Analysts expect the company to post earnings later today of 11 cents per share for the company's first fiscal quarter, which closed at the end of November, according to First Call. Last year, the company reported earnings of 1 cent per share on sales of $559 million.
Last quarter, analysts got a positive surprise when the company beat estimates with earnings of $16.2 million, or 17 cents per share.
Investors appear to be expecting another uptick this quarter, with Micron's stock at 21.875 in afternoon trading, an increase of 5.11 percent from Friday's close.
Enthusiasm is heavily tempered, however. Although the company has been making progress on the turnaround strategy imposed when chief executive Joel Kocher took over the company last year, the PC market itself remains intensely competitive. Consumers and businesses appear to be flocking to the four to five largest brand names in the market. Micron is not one of them.
"They have to get people to care about Micron and spend money" on their machines, said Lou Mazzucchelli, an analyst at Gerard Klauer Mattison, who has a "hold" rating on the stock.
For the most part, Micron's answer is in the marketing. The company last year launched a dramatic personality change with its "New Rules New Tools" campaign to woo "power users" from small and medium-sized businesses. Many of Micron's executives, including Kocher, hail from the defunct Power Computing. And, like that company's past campaigns, Micron's new pitch is heavy on attitude and irony.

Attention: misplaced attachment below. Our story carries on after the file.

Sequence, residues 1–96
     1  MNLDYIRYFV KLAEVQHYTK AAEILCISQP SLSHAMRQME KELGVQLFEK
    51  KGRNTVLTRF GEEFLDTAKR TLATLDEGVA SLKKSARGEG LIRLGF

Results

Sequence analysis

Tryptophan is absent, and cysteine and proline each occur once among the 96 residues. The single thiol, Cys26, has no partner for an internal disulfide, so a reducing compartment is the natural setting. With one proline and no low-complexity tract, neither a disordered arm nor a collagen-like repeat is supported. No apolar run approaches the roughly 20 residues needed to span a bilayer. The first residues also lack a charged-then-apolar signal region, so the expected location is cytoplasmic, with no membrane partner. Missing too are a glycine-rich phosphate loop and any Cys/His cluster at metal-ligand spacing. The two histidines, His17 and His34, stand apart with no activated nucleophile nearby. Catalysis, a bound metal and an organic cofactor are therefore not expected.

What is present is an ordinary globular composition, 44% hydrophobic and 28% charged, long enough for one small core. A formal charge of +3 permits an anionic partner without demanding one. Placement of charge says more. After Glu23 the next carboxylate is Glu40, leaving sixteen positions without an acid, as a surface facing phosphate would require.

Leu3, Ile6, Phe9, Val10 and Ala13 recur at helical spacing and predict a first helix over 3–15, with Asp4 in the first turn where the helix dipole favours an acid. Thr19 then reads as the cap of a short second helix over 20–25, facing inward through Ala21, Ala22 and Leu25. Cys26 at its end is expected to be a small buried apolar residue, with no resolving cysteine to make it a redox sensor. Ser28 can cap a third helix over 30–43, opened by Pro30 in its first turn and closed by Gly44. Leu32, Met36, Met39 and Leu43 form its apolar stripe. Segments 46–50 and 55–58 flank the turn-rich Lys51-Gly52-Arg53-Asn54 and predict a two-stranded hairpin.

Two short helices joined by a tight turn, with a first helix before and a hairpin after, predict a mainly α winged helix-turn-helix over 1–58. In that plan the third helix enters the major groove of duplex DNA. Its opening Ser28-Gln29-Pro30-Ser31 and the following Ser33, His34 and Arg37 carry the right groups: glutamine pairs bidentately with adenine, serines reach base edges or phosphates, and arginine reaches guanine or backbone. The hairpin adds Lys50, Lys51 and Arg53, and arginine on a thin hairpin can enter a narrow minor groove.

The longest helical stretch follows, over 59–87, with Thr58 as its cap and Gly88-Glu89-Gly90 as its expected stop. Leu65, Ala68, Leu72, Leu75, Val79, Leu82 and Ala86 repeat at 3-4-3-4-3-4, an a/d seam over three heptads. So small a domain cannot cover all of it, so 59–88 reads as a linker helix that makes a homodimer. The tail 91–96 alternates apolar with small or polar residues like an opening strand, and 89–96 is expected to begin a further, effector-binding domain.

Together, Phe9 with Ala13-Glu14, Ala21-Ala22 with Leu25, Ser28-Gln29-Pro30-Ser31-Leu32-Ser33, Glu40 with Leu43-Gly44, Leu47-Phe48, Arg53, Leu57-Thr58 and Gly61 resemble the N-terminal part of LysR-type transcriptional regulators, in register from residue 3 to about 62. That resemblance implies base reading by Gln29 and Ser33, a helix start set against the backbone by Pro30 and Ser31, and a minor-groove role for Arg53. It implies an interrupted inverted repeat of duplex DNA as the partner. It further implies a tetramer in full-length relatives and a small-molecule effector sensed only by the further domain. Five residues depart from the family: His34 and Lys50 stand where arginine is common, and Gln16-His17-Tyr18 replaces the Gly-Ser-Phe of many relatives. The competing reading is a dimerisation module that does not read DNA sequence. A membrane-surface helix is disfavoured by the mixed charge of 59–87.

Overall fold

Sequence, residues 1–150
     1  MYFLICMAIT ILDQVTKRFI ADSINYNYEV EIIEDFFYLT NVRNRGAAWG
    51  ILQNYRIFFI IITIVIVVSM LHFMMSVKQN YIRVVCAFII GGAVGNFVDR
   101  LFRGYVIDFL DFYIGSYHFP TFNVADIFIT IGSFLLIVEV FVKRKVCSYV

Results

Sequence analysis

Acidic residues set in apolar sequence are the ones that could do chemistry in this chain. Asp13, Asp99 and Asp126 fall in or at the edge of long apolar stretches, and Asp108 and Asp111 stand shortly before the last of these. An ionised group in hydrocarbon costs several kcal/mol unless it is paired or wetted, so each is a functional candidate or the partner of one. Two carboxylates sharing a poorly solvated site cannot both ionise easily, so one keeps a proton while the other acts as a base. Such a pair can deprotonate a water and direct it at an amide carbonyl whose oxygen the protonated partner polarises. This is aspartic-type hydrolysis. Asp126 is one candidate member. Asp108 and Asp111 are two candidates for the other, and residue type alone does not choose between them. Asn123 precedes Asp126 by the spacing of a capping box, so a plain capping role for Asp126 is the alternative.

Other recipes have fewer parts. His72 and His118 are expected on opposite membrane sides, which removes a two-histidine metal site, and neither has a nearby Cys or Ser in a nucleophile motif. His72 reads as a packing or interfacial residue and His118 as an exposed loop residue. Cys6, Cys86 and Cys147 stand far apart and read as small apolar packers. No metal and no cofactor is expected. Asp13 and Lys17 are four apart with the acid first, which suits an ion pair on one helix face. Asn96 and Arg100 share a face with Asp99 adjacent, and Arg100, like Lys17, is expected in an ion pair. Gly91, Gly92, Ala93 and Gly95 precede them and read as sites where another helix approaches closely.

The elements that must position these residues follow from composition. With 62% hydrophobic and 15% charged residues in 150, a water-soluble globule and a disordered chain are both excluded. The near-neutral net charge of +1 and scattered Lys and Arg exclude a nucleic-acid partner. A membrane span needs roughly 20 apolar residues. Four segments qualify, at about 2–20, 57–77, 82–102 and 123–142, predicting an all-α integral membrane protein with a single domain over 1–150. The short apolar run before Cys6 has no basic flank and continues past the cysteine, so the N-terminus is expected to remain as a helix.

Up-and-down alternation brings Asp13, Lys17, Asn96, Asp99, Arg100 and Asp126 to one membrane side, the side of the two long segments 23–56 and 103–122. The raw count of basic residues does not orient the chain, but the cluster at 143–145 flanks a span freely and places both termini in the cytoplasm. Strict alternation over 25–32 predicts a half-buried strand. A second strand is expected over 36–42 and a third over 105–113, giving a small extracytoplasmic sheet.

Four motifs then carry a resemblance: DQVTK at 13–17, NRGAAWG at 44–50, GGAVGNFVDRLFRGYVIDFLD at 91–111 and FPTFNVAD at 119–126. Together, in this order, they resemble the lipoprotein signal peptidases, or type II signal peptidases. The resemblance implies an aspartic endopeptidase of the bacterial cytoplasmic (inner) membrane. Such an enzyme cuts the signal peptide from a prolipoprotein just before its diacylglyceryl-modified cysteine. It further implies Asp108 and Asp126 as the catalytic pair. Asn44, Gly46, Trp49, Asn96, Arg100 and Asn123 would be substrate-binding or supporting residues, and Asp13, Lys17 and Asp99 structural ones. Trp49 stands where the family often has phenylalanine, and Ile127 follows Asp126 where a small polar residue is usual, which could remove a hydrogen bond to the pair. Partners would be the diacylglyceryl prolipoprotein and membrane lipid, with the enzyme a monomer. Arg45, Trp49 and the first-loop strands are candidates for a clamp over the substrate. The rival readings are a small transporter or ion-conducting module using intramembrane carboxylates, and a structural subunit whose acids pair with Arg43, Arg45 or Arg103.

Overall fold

As part of its marketing blitz, Micron unveiled a new $1 million commercial campaign that will debut on the Internet first. The commercials feature Jeri Ryan, an actor from the cast of the TV show Star Trek Voyager. It is one of the most popular TV shows among PC buyers, according to research conducted by Micron.
The ad will debut on television during the "Micron PC Bowl" college football game on December 29 in Miami. Additionally, Micron executives have said they are speaking with the NCAA to see if some of the rules of college football can be changed as way to entertain viewers, Kocher told CNET News.com earlier. One suggestion: team captains will play "rock, paper, scissors" rather than flip a coin to determine which team kicks off.
In December, the company unveiled "Micron University," Web-based computer training on a variety of topics. The service is free for a year, then the company charges $59 per customer thereafter. Micron, like Gateway, also offers ISP services. The company isn't angling to make money on the services as much as use the programs to create customer loyalty to its products, executives said in previous interviews with CNET News.com.
Bloomberg contributed to this report.